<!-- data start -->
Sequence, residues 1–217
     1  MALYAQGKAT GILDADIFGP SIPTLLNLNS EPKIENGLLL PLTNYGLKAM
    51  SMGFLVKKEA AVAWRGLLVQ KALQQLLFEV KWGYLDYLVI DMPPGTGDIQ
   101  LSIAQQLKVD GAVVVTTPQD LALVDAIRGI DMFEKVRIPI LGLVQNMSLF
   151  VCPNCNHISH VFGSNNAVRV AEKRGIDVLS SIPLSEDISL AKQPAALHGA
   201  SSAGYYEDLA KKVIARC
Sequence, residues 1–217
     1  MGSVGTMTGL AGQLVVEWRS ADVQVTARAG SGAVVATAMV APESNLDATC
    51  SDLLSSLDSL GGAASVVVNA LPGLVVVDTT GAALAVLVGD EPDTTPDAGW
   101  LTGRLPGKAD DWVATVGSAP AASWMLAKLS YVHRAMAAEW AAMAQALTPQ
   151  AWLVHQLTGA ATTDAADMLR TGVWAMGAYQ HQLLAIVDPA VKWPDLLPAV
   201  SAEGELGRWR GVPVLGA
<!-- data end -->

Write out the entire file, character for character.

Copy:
Sequence, residues 1–217
     1  MALYAQGKAT GILDADIFGP SIPTLLNLNS EPKIENGLLL PLTNYGLKAM
    51  SMGFLVKKEA AVAWRGLLVQ KALQQLLFEV KWGYLDYLVI DMPPGTGDIQ
   101  LSIAQQLKVD GAVVVTTPQD LALVDAIRGI DMFEKVRIPI LGLVQNMSLF
   151  VCPNCNHISH VFGSNNAVRV AEKRGIDVLS SIPLSEDISL AKQPAALHGA
   201  SSAGYYEDLA KKVIARC
Sequence, residues 1–217
     1  MGSVGTMTGL AGQLVVEWRS ADVQVTARAG SGAVVATAMV APESNLDATC
    51  SDLLSSLDSL GGAASVVVNA LPGLVVVDTT GAALAVLVGD EPDTTPDAGW
   101  LTGRLPGKAD DWVATVGSAP AASWMLAKLS YVHRAMAAEW AAMAQALTPQ
   151  AWLVHQLTGA ATTDAADMLR TGVWAMGAYQ HQLLAIVDPA VKWPDLLPAV
   201  SAEGELGRWR GVPVLGA